LETTERS: Mexico’s unhappiness not our concern

To the editor:

I just finished reading the front-page article on immigration (“White House to suspend plans on immigration,” Feb. 18 Review-Journal). The article was fairly interesting, though I learned nothing that I didn’t already know. It said Republicans would shoulder the blame if the Department of Homeland Security shuts down.

House Republicans passed a bill to fund everything in the DHS except President Barack Obama’s unilateral executive immigration order. Senate Minority Leader Harry Reid filibustered the bill and wouldn’t allow it to come to the floor for a vote. Republicans could change Senate rules and pass the bill through reconciliation, just as Democrats passed Obamacare, but for some reason, they won’t do what Sen. Reid did when he was majority leader.

But that isn’t even the part of the article that bothered me. Why did the report tell us that the Mexican government was unhappy with the Texas federal court’s decision to block the president’s executive action? Mexico’s No. 1 export is its people. I have read that 10 percent of its population now resides in the U.S., and polls have shown the majority of Mexican citizens would leave for the U.S. if given the chance.

As an American citizen, I couldn’t care less what the Mexican government thinks about our laws. However, I do wonder what the Mexican officials would think if we changed our immigration laws to mirror theirs. I bet they would be screaming at the top of their lungs.



Goodmans’ stadium pursuit

To the editor:

After reading letters opposing a downtown soccer stadium at a ratio of 10-1, it should be blindingly apparent to Las Vegas Mayor Carolyn Goodman and her husband, former Mayor Oscar Goodman, that the stadium idea is a bird without wings. It ain’t gonna fly.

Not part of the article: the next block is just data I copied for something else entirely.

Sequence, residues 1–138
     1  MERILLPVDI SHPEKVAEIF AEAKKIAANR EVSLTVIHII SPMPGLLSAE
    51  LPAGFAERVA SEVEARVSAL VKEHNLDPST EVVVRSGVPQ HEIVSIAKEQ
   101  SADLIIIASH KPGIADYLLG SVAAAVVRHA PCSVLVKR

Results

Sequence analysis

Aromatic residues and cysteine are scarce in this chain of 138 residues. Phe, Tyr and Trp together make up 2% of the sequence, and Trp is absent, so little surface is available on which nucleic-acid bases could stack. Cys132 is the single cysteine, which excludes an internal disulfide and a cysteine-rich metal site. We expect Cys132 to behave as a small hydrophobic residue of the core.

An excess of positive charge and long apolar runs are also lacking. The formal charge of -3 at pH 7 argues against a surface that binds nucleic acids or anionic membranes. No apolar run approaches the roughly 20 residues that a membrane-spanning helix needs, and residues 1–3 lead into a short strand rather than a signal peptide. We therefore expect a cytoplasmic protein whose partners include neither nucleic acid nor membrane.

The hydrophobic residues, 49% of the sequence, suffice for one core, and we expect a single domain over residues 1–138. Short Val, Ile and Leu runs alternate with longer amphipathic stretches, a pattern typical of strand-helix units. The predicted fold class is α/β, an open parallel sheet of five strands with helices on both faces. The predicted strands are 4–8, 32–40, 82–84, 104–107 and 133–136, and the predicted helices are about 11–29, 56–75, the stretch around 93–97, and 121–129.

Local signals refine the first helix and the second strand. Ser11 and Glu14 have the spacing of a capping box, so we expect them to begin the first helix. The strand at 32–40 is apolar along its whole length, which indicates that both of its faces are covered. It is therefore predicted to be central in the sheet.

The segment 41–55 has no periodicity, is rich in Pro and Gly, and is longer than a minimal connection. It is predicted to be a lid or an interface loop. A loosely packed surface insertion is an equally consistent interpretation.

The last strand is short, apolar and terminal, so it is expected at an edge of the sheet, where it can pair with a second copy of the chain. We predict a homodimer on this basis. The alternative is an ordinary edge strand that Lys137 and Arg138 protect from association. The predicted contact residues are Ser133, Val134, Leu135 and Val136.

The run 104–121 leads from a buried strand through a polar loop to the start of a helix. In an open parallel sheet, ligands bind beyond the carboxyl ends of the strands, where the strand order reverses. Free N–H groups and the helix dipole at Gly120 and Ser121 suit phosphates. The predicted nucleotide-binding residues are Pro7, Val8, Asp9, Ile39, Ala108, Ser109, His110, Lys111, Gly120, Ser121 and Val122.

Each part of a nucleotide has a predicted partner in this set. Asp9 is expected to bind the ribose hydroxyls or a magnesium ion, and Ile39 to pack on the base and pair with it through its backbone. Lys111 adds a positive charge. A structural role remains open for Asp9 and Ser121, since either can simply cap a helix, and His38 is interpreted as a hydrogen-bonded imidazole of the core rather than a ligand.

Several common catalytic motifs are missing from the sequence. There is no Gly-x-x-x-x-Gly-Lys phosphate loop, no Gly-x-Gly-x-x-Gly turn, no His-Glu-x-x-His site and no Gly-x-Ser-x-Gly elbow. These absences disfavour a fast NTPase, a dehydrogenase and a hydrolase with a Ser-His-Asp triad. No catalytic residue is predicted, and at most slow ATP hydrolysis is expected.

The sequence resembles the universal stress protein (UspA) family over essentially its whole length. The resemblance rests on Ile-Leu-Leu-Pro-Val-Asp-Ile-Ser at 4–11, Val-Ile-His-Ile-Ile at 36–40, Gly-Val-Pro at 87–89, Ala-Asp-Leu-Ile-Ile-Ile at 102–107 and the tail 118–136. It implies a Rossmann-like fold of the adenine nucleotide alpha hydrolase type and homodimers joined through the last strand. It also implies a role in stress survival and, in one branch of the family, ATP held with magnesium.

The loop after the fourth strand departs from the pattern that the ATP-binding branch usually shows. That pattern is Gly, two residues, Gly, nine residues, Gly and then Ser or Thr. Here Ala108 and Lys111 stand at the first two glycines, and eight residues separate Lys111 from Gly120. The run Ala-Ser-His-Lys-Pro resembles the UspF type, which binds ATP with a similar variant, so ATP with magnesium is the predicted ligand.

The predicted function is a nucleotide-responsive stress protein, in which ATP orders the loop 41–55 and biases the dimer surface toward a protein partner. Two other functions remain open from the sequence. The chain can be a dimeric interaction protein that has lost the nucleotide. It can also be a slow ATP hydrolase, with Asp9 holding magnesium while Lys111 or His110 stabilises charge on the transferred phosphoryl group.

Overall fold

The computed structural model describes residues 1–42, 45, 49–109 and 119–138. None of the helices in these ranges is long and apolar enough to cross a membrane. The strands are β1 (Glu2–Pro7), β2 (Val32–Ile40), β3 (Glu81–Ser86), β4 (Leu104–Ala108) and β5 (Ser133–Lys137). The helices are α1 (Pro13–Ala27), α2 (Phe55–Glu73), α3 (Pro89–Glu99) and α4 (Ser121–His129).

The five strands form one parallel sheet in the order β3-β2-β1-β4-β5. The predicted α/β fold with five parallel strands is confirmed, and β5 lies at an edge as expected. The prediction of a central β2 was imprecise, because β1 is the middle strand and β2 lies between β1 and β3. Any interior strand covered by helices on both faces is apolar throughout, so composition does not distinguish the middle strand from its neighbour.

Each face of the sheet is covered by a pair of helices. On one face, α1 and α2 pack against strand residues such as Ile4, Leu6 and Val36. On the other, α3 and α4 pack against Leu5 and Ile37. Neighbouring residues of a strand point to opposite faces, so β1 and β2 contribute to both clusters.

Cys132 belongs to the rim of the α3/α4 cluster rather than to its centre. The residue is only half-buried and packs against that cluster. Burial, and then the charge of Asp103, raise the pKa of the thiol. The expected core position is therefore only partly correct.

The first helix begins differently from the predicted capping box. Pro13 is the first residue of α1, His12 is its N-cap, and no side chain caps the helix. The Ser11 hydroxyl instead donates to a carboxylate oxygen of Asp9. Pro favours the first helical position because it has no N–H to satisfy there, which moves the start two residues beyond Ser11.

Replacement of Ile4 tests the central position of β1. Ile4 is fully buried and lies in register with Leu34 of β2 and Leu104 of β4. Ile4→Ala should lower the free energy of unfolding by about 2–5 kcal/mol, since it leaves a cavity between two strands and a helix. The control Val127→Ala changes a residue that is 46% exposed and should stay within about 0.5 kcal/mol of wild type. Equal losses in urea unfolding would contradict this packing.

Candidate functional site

If the Goodmans want that stadium so bad, they can pay for it themselves. Mr. and Mrs. Goodman will never be big-town mayors, and their mini-dynasty will fade out in the next election.

JIM armbrust



Voter ID bill

To the editor:

I have an answer to Bob Fulkerson’s question, “Why would we want to make voting more difficult for people?” (“Photo ID would be required under voter bill introduced in state Senate,” Feb. 18 Review-Journal.) Low voter participation means your vote has greater influence on the outcome. Voter fraud is magnified in lower-turnout elections. But I suspect this answer won’t stanch Mr. Fulkerson’s desire to deconstruct our republic.



Road rage and guns

To the editor:

Road rage, two guns and a dead mother of four (“New details revealed in slaying,” Feb. 18 Review-Journal). To all of you Second Amendment supporters, is this what you want?



Changing the Constitution

To the editor:

Patricia Fruge’s letter provides the argument against her own view, stating she would like the chance to outrun an assailant who does not have a gun (“Constitution changes with the times,” Feb. 16 Review-Journal). Two assumptions are implied: criminals will give up their guns, and she will be able to outrun anyone. A criminal who is intent on doing you harm will certainly eliminate your ability to escape.

Ms. Fruge says we need to change the Constitution. We have a Congress today that is not concerned with the will of the people, and a president who ignores the Constitution whenever it fits his agenda. These are the individuals in charge of starting the process to revise the Constitution.

We have laws that put people away for life when guns are used to commit crime. Criminals will not abide by any law restricting them. Passing laws restricting law-abiding citizens will cause these same law-abiding citizens to break that law.



Protecting wildlife

To the editor:

Recently, President Barack Obama announced new protections for the Arctic National Wildlife Refuge, and Secretary of the Interior Sally Jewell released a comprehensive conservation plan that includes a formal recommendation to designate more than 12 million acres, as wilderness — the highest level of protection for public lands. The designation recommendation includes the coastal plain, which is the biological heart of the refuge and one of the last places on earth undisturbed by humans.

There simply is no place left on the planet where enormous herds of Arctic caribou roam free, or where musk oxen, polar bears, wolves and grizzly bears can still thrive. Only Congress can officially designate these areas as wilderness. Now, Congress should take the right step and designate these areas as wilderness once and for all. We owe it to our children and their children to protect this invaluable natural resource for the future.



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